Why would anyone downvote a sensible bit of advice like this? I've never got lost in Japan either, at least not when using public transport. There are lots of resources for finding your way around, and a little bit of preparation does go a long way. The Tokyo metro can be a bit daunting at first, but you get used to it.

Maybe there are some gaps in station signage in romaji. Nevertheless, Japan goes further than most countries do in trying to make it easier for people who don't speak (or read) the native language.

-3 ( +2 / -5 )

I didn’t find Japan’s rail maps so difficult to figure out. My advice to friends visiting is just to be patient, plan and don’t freak out. I’m much more likely to get lost on the New York subway system, which looks fairly simple on the map but is a complete disaster otherwise.

1 ( +2 / -1 )

I do not think it is the maps so much as the lack of signs showing wheel chair access. Not just to get in, but to actually move forward to changing trains and getting to platforms without having the sudden stairwell with nothing else available. It is terrible.

1 ( +2 / -1 )

Replace "Tokyo" with "Japan" and remove "rail guide signs" and I think it is more accurate.

0 ( +1 / -1 )

I think the real problem here is that each new generation expects more and more to be handed to them with no effort on their part. They expect the answer to everything right then and there and if that doesn't happen then there's hell to pay.

Think back to when children played outdoors and used their imagination. Those children then grew into adults that were far more capable of dealing with situations that required outside the box thinking. Fast forward to today's world where everything is available at the tip of your finger and those people can't be bothered to spend a few moments trying to get to learn something to better their understanding of the world. If one has that mindset, why leave the comfort of your home and city to venture to another part of the world that will be different and yet expect it to be the same? What is the point?

-1 ( +1 / -2 )

40 years ago it was easy to get printed English versions of the Tokyo railroad and subway systems. They were included in guidebooks and pamphlets or available as separate sheets and could be purchased at bookstores, or obtained free at tourist information centers, hotels, and major stations. I remember getting free English and Japanese versions which I used together to learn the reading of station name kanji. Stations had the names in roman letters on signs so that wasn’t really necessary but I wanted to. Sometimes got temporarily lost inside a big station but never on the system itself. Nowadays there is a vastly more immense amount of info and signage in foreign languages, even inside the train carriages, compared to those days. Can’t imagine this is a major problem for anyone who makes the slightest effort.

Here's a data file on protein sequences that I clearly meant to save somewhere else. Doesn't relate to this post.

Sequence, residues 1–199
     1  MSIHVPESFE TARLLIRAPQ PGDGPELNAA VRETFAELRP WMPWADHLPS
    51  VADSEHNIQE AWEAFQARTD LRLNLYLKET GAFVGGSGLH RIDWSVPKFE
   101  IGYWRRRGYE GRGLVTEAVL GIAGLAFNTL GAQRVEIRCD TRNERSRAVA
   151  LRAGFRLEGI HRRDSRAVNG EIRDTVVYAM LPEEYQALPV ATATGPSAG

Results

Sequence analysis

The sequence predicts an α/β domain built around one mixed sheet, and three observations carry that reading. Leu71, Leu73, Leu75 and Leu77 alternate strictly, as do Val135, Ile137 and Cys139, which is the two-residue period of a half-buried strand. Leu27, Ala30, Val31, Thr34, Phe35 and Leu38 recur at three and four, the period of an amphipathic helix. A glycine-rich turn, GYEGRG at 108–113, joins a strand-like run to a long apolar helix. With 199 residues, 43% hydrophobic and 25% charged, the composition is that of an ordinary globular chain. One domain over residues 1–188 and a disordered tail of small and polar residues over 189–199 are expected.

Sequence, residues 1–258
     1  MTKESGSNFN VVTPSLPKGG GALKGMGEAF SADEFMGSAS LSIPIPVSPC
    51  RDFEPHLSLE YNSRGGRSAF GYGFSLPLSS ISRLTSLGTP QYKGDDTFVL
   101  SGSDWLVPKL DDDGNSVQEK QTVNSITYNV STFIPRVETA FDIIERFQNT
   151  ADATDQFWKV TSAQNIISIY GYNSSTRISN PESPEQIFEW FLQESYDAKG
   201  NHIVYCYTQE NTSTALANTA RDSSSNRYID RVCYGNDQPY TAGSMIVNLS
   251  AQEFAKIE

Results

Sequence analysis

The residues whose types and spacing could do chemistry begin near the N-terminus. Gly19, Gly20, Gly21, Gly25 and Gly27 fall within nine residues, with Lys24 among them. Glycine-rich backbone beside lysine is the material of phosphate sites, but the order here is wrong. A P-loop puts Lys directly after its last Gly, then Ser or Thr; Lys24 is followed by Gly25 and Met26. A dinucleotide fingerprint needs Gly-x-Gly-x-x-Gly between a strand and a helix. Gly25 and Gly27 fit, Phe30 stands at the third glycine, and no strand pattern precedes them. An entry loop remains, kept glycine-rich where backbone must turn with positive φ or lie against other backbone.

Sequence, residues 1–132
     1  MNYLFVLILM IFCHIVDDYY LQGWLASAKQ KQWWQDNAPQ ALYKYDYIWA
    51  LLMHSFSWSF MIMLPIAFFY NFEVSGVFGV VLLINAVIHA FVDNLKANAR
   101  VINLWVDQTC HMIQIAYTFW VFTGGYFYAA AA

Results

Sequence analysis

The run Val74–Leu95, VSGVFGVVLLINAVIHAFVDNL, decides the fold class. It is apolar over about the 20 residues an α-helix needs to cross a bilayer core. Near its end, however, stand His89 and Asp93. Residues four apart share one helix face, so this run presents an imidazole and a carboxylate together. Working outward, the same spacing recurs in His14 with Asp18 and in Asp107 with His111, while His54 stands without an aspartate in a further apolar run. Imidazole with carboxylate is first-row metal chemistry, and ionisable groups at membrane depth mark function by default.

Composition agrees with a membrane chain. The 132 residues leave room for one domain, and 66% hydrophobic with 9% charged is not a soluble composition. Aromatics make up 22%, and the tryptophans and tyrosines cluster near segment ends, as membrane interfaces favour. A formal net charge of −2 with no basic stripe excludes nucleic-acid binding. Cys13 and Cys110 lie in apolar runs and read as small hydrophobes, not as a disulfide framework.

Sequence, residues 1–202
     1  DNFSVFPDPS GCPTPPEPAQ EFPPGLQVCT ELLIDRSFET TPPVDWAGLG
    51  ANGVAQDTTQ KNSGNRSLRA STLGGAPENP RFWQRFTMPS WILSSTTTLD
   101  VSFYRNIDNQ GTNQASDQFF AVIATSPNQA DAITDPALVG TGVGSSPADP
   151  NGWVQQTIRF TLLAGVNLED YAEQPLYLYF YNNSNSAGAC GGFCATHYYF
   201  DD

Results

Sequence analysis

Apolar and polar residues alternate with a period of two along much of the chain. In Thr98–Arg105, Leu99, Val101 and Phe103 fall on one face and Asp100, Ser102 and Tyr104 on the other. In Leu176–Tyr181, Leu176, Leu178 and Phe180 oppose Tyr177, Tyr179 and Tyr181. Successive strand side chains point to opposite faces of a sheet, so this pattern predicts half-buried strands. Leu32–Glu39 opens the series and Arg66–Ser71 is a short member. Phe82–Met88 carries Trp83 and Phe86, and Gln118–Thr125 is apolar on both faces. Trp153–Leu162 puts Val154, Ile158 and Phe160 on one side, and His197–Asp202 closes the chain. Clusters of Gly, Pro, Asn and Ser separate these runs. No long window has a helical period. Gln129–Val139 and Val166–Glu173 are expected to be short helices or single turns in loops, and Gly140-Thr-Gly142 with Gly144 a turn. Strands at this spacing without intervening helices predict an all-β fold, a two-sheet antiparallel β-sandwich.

-1 ( +1 / -2 )

Firstly, I don't think that many people are actually going to come to the Olympics. Is there a mechanism for all of these automatically coming people to get tickets for several events, for example?

As for the maps, yeah, take it into consideration when they redo them, but I don't think the Olympics justifies ripping them all down and making new ones. The Olympics is costing enough already. If it were a problem for Tokyo Disneyland, I'm sure it would have been fixed already. Noone has to take offense on their behalf.

0 ( +1 / -1 )

Countless occasions I helped stranded foreigners inside the stations seeking "Hachiko" landmark in Shibuya. Don't know if this is relevant, but I've noticed that their " i " (for information) centers are located far from any train exit gateways! And they call it "progress...!?"

0 ( +1 / -1 )

Japan is losing out on tourist money if foreigners can’t make their way around....

0 ( +1 / -1 )

When I first got here in the late '80s, part of the fun was trying to find the way after getting lost. I'm sure they don't want lost tourists all over the Tokyo area during the Olympics, though. In my area, they have been replacing perfectly understandable translations with ones like 'shutoko' for the Shuto expressway. The vast majority of tourists won't have a clue.

-1 ( +0 / -1 )

Not mapping connections between different rail companies used to be a problem, but in the decade or so that Google Maps has serviced Japan, it's no longer a big deal.

The larger problem IMHO is not the lack of Romanization on everything, and rather the poor design of information displays in Japanese public spaces. There is no thought given to a typical user's field of vision, or what could be obstructed when the space is crowded with other customers. Staff just slap signs up wherever there is space, without a thought to if their sign can be seen, if it's information is relevant to its location, or if it's not completely obscured by the plethora of colorful ads posted all around it.

-1 ( +0 / -1 )